World sends sympathy, offers aid to quake-hit Italy
Some 1,500 people were injured in the earthquake that struck the town of L’Aquila on Monday.Paris -- From Barack Obama to Dmitry Medvedev, world leaders expressed their sympathy and queued up to pledge aid Monday as Italy reeled from an earthquake that killed at least 150 people.
As the death toll rose and rescue teams searched for survivors, the pope also offered his prayers for lives lost in the natural disaster after Prime Minister Silvio Berlusconi declared a state of emergency.
From Turkey, where he is on an official visit, US President Obama said: "We want to send our condolences to the families there and hope that we are able to get rescue teams in."
State Department spokesman Robert Wood said the US embassy in Rome would provide 50,000 dollars in emergency relief funding.
"Russia is shocked by this tragedy," Russian leader Medvedev said in a telegram to Berlusconi, who cancelled a trip to Moscow to lend his support at the scene. "We sympathise with those who have suffered and share their sorrow."
Officials at the Vatican, 100 kilometres (60 miles) southwest of the heart of the earthquake zone, said Pope Benedict XVI sent his prayers to the victims in L'Aquila, the capital of the Abruzzo region.
In a telegram to the archbishop of L'Aquila, the pope said he was praying for the victims, "especially the children" killed in the earthquake, which the Italian geophysical institute measured at magnitude 6.2.
L'Aquila was struck just after 3:30 am (0130 GMT) Monday by the earthquake that brought down or seriously damaged many Renaissance-era and Baroque buildings, including the dome on one of L'Aquila's centuries-old churches.
Some 1,500 people were injured, Berlusconi told a news conference, adding that a Czech student counted among the dead.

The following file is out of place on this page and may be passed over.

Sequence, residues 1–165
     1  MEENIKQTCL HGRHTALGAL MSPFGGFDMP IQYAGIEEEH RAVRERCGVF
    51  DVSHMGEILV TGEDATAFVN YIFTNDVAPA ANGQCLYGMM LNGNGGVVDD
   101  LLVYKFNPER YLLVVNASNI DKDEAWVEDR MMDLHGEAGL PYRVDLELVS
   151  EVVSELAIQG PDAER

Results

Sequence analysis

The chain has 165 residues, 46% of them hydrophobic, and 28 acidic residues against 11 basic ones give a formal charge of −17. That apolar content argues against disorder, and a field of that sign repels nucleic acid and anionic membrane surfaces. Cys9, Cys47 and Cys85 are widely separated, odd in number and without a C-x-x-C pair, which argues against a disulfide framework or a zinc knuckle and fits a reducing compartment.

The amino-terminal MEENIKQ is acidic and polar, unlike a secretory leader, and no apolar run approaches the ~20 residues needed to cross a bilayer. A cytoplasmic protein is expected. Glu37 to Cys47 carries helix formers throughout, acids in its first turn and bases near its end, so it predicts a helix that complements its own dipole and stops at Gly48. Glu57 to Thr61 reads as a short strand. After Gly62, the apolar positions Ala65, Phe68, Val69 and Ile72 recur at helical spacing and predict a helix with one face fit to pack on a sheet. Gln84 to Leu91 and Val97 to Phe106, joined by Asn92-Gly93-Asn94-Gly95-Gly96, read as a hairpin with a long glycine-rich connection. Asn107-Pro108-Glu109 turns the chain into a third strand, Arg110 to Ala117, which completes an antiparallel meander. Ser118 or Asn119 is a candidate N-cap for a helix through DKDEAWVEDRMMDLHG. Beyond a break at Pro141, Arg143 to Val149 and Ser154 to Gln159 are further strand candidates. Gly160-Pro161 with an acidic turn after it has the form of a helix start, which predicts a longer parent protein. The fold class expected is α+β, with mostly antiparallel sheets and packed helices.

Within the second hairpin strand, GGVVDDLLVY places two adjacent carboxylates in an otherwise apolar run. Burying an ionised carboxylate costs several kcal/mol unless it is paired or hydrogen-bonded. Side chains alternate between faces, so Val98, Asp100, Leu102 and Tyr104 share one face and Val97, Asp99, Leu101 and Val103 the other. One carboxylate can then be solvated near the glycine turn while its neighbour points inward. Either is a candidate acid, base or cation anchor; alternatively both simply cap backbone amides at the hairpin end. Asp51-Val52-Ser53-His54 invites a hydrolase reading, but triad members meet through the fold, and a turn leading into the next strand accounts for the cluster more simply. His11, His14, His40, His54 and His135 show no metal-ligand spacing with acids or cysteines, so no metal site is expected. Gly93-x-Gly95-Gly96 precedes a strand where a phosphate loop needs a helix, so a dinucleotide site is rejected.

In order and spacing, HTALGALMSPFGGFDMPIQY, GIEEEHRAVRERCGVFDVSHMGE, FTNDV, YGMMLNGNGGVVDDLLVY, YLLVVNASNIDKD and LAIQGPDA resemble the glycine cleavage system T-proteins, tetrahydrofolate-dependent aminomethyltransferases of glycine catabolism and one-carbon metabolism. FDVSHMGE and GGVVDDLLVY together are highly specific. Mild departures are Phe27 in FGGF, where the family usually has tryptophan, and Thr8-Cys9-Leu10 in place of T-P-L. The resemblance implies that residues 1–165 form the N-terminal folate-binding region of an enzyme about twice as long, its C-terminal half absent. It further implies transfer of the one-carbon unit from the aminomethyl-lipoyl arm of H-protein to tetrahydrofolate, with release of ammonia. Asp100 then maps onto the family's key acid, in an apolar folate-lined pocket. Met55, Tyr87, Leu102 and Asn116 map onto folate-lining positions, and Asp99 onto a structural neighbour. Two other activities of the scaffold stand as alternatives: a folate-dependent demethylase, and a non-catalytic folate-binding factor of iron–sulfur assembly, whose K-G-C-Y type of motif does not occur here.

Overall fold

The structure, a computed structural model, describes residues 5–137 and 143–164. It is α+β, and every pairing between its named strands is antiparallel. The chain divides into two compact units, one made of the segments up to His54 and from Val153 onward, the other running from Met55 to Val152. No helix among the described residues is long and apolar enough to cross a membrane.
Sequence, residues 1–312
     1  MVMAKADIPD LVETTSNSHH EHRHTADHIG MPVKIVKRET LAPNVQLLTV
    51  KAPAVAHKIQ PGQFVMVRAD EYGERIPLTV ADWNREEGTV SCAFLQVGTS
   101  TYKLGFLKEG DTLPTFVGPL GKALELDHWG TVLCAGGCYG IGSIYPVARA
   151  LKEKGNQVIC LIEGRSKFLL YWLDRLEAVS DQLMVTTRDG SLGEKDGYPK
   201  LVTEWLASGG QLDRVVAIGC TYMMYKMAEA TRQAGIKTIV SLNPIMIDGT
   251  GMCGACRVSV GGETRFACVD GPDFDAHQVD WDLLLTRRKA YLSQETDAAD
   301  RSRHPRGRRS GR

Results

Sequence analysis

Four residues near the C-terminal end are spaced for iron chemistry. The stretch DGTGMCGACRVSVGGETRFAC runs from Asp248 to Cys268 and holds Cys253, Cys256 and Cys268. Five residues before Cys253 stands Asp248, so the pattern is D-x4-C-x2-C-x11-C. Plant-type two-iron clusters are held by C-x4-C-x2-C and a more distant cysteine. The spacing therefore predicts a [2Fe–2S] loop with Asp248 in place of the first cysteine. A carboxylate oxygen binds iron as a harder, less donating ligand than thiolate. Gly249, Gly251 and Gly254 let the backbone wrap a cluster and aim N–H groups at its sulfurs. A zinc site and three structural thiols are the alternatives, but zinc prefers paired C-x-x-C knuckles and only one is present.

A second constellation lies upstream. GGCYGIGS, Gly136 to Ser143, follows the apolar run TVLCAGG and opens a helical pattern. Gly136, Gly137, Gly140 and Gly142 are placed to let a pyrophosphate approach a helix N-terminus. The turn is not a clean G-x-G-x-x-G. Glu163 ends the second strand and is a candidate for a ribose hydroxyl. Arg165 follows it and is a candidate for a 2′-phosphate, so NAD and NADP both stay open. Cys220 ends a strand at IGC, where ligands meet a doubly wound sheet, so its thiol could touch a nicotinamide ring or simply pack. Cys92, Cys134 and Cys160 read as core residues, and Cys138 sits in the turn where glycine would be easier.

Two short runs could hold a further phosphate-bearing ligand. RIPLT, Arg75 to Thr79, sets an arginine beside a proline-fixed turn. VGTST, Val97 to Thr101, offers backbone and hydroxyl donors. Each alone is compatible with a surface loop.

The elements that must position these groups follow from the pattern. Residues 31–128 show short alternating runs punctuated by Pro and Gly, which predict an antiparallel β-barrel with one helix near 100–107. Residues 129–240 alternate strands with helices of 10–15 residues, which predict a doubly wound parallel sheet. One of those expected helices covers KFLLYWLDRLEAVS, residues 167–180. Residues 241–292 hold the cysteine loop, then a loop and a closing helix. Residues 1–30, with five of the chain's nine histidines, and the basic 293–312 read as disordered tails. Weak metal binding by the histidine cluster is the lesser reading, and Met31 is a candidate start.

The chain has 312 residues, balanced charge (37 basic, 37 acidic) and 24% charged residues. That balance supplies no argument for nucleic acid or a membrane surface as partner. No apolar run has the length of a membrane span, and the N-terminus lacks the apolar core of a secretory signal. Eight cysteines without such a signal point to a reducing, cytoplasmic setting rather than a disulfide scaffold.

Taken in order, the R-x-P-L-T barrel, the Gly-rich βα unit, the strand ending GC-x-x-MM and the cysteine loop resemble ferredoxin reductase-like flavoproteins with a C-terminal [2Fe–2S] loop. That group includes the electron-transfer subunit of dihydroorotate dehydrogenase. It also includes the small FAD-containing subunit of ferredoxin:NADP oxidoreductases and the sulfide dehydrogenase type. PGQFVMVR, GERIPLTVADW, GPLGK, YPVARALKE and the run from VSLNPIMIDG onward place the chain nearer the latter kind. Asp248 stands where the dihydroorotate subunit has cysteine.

"No one will be abandoned to his fate," he said, adding a tent village would be erected to accommodate up to 20,000 people by nightfall.
Other condolences poured in, including from UN Secretary General Ban Ki-moon, who was "saddened by the loss of life and destruction of property" and ready to extend help, his spokeswoman in New York said.
French President Nicolas Sarkozy messaged Berlusconi: "My thoughts are in particular with the injured, and with all those who have lost a loved one, to whom I ask you to pass on my most sad regards."
The European Union, Austria, France, Germany, Greece, Israel and Russia all stepped forward with offers of aid, although Italian civil protection head Agostino Miozzo said that was not immediately needed.
European Commission President Jose Manuel Barroso offered his "greatest solidarity and deepest sympathy," while Czech Foreign Minister Karel Schwarzenberg, speaking on behalf of the Czech EU presidency, said: "We are monitoring Italy's needs and we are ready to react to them."
From London, Foreign Secretary David Miliband said: "We stand ready to do what we can to help the Italian people at this difficult time."
Messages of sympathy also came from Serbia, Sweden, Portugal, Poland and Bulgaria. Both Bulgaria and Croatia offered to send search-and-rescue teams, including sniffer dogs trained to find survivors buried under rubble.
Across the Mediterranean Sea, Tunisian President Zine El Abidine Ben Ali sent his "compassion and sympathy" to the families of victims, while President Abdelaziz Bouteflika in Algeria expressed "sorrow and pain."
Canada's foreign minister Lawrence Cannon extended "sincerest sympathies to those who have lost their loved ones in this tragedy."